The Hallett Inquiry never seems to miss an opportunity to miss an opportunity. When Sir Patrick Vallance accused Sir Chris Whitty of being a “delayer” with respect to lockdowns, the opportunity missed was to not ask Sir Patrick what possible benefit would have accrued from locking down earlier and harder.
We’ve now also had Sir Chris Whitty saying that an earlier start to lockdown should have been considered. Another missed opportunity; “Why Sir Chris? What do you believe that would have achieved?”
This brings us back to the purpose of the lockdowns. Both Vallance and Whitty were of the view that the purpose of lockdown was to ‘flatten the curve’, in Boris Johnson’s memorable phrase “to flatten the sombrero”. In this clip from mid-March 2020 Vallance explains the purpose was to reduce person-to-person contacts, a policy that 10 days later morphed into the first lockdown.
Perhaps even odder was why Vallance said in his evidence to the inquiry on Monday that we should have locked down around March 13th or 14th 2020, when in this clip, recorded on March 13th 2020, he seems to be promoting herd immunity and GBD-type protection of the vulnerable!
And why did we want to flatten the sombrero? Of course, as we all know, it was to save the NHS. Well, the NHS was saved. In fact, hospital bed occupancy was lower during the lockdown than it’s ever been, averaging less than 65% over April, May and June of 2020.
The clips linked to by Guy de la Bédoyère (here) in his article in the Daily Sceptic on November 21st 2023 and added to by the editorial team’s ‘Stop Press’ addition (here) reinforce the crucial point that the lockdown was intended to stop the NHS being swamped rather than to prevent infection, which Whitty et al. believed, rightly, to be pretty well inevitable whatever policies were followed. Whitty conceded, at that time, the point made by Professor Simon Wood (see Figure 2) in May 2020, that infections peaked in advance of lockdown, as illustrated in Figure 2, which I’ve lifted from a damning article by Fraser Nelson in the Spectator.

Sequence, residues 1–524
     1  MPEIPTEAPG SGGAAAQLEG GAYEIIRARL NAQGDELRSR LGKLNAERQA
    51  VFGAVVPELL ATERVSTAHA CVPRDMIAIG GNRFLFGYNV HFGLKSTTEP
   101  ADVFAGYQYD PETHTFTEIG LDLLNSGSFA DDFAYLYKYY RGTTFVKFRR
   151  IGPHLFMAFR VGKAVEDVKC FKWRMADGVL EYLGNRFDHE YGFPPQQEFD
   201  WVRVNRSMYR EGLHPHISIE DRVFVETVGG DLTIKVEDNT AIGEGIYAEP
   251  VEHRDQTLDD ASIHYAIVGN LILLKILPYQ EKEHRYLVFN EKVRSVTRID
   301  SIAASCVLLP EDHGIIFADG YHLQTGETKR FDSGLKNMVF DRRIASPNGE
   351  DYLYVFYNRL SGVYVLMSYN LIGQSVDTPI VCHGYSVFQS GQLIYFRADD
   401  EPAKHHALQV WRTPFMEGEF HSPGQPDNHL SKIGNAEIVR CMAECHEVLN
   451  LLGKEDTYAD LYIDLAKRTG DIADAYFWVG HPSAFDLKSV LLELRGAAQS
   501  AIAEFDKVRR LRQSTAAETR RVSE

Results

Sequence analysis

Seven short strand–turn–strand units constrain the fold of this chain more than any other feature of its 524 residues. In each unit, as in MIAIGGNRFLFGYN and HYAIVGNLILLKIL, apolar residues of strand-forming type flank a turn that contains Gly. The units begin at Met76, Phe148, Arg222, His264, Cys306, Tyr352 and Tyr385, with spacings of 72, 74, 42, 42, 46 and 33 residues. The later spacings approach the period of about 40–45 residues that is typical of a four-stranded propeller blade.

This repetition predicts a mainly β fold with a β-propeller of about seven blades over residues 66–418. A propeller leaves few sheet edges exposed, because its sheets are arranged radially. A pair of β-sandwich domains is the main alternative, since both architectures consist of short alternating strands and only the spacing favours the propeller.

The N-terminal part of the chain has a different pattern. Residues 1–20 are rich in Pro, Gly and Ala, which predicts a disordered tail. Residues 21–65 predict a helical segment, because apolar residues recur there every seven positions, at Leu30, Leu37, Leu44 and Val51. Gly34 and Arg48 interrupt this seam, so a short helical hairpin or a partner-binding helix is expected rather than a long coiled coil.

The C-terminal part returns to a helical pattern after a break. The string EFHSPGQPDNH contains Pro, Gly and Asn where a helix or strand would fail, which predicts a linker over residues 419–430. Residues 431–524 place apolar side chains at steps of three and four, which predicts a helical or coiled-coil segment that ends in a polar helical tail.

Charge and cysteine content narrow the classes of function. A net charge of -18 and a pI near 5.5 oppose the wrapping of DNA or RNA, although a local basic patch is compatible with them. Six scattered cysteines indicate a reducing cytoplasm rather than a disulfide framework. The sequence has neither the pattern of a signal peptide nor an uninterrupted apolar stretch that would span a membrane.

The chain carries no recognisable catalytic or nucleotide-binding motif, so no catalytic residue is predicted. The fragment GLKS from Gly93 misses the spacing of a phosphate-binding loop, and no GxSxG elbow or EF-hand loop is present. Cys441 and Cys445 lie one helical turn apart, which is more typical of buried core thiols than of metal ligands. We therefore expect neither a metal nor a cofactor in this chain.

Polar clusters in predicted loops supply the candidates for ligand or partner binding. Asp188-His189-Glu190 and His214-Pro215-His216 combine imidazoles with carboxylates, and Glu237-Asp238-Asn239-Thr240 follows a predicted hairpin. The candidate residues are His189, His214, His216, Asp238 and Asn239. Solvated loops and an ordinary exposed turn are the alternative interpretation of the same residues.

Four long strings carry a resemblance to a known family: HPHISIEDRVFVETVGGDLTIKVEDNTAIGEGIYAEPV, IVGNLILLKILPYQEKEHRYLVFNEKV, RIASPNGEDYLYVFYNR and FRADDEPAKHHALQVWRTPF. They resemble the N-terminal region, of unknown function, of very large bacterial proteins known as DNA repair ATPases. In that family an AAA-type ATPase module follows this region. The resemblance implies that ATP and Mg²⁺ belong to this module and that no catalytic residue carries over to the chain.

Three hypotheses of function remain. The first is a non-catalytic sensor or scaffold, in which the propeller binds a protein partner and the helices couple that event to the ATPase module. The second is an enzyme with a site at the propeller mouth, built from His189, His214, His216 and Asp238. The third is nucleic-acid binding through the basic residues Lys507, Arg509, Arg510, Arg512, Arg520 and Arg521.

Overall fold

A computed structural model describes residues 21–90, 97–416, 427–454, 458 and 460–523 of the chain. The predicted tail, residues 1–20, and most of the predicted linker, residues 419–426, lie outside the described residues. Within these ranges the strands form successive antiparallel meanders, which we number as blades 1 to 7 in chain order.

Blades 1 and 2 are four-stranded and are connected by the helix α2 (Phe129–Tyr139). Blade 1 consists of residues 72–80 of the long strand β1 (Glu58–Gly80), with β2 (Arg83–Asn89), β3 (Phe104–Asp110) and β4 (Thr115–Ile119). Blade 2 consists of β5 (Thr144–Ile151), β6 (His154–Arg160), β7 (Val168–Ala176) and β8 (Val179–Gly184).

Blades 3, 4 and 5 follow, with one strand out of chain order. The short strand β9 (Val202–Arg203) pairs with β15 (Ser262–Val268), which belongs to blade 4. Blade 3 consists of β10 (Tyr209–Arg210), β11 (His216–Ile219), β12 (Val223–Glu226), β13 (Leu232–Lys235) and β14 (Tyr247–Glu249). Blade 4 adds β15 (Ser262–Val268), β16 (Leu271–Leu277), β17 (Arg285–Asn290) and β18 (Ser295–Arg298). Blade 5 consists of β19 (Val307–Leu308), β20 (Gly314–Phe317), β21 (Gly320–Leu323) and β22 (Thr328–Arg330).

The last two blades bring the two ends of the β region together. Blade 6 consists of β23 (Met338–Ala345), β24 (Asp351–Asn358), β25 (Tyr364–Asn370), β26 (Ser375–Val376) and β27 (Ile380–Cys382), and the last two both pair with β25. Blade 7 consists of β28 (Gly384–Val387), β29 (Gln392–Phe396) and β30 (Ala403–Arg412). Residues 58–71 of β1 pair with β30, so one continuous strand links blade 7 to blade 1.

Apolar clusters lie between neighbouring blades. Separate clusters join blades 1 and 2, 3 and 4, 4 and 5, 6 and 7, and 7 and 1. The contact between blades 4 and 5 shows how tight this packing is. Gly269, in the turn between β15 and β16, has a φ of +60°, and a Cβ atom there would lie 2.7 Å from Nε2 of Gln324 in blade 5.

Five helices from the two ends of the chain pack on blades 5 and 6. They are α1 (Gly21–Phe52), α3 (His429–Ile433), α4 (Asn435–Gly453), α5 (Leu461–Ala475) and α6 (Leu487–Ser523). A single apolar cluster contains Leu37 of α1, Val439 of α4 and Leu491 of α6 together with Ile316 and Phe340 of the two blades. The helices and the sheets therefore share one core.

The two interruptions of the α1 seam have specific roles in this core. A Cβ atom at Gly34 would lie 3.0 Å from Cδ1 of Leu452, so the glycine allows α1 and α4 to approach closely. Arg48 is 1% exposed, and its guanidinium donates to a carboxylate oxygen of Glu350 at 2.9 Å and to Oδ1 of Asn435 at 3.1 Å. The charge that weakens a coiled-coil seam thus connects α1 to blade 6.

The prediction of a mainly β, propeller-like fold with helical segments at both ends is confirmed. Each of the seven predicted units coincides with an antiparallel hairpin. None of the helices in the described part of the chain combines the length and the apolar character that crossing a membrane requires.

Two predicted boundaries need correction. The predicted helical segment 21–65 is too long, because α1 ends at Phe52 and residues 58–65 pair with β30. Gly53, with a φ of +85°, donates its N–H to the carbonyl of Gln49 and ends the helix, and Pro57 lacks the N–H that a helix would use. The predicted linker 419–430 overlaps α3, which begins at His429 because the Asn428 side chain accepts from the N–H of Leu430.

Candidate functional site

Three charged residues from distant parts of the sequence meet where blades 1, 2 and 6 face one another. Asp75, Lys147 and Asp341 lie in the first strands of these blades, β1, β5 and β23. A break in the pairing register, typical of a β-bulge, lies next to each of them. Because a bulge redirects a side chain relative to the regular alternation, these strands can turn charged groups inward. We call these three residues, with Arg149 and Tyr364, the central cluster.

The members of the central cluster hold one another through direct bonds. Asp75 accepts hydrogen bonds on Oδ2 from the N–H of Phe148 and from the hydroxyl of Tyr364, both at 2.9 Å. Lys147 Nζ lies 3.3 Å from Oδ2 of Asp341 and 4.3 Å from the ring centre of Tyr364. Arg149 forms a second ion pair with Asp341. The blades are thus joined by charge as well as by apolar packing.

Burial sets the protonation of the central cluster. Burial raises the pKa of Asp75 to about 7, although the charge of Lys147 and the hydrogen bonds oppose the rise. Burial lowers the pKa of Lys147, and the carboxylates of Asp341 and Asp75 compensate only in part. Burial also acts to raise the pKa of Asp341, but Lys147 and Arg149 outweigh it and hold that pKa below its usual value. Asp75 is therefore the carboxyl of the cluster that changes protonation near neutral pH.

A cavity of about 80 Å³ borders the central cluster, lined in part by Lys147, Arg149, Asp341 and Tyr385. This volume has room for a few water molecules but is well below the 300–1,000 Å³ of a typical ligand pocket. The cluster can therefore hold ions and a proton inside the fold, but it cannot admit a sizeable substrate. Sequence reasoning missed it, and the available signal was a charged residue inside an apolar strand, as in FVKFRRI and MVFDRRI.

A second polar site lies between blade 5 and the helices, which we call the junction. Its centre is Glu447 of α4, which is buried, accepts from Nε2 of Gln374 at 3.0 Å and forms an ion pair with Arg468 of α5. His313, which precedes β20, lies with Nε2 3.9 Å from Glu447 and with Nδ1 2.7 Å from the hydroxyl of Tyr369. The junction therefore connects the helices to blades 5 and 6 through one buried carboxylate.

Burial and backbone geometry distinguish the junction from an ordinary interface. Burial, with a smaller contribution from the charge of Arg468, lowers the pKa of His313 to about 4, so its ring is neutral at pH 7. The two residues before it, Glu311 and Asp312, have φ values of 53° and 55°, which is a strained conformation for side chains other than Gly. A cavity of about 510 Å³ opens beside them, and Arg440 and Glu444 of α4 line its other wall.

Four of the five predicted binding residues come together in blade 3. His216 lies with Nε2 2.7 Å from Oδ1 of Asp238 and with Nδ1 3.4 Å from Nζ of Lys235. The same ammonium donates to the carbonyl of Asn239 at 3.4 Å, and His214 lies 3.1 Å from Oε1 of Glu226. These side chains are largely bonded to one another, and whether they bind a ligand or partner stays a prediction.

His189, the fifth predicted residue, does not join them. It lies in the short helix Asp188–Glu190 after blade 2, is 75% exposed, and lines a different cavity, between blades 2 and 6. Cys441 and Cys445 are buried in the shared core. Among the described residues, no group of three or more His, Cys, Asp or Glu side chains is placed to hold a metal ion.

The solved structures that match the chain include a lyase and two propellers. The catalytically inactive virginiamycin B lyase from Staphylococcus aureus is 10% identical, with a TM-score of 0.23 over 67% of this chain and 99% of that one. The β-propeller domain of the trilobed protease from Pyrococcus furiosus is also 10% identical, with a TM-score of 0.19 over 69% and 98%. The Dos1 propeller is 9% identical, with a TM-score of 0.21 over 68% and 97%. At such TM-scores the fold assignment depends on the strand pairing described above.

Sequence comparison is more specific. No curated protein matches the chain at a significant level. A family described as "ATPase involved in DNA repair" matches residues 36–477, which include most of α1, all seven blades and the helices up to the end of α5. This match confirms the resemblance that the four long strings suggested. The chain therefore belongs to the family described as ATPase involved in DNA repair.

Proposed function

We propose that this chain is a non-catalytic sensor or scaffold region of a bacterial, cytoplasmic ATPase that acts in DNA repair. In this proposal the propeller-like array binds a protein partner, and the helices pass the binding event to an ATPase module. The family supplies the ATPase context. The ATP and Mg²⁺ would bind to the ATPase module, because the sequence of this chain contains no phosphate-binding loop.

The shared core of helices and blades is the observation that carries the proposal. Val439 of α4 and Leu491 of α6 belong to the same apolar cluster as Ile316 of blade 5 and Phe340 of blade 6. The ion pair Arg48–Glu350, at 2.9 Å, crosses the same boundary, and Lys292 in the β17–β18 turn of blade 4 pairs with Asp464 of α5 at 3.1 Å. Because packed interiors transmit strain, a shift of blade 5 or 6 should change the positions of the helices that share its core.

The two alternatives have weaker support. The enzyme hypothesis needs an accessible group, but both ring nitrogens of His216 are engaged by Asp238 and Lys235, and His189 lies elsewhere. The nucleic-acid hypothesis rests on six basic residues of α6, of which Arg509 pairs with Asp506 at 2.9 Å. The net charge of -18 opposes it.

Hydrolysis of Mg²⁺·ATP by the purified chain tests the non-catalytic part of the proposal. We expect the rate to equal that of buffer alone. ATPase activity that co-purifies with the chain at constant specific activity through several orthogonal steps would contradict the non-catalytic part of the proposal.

If lockdowns didn’t reduce the eventual number of overall infections, what was their point? Why now, with the benefit of hindsight are Vallance and Whitty suggesting that an earlier lockdown would have been a good idea?
Just how ineffective lockdown was as a tool for ‘case’ suppression can be seen by looking at Australia. In the space of 2.5 weeks from December 22nd 2021 to January 9th 2022 ‘cases’ went from 172 per million to 3,213 per million, an increase of 1,800%. What’s more, this was while over 80% of the population were already vaccinated. It was also at the height of summer and while most Australians were still petrified and observing many of their draconian lockdown restrictions.
The same was true in New Zealand. From February 10th 2022 ‘cases’ went from 56 per million to 3,957 per million by March 8th. An increase of 7,066% in less than a month.
As with Australia, over 80% of the population were vaccinated, it was high summer and many people were still following Covid restrictions.
So, why, against all the evidence are Vallance and Whitty maintaining the fiction that Government action can control an airborne virus? And why is the Hallett Inquiry going along with this? I think there are two reasons. Firstly, it’s simply an attempt to maintain the narrative. Hallett has pre-judged that what was done was done for the best of reasons and that while people might argue about whether it should have happened a week or so earlier, the use of lockdown was absolutely the right thing to do.
The second reason is that I believe we haven’t seen the last of lockdowns. It wouldn’t come as much of a surprise to see the policy being wheeled out in a modified form to enforce various Net Zero policies, in which case we can’t have Hallett trashing it now, can we?
It’s remarkable that the both the efficacy of lockdowns and of vaccines is not being challenged by Hallett. Truly, a missed opportunity of epic proportions.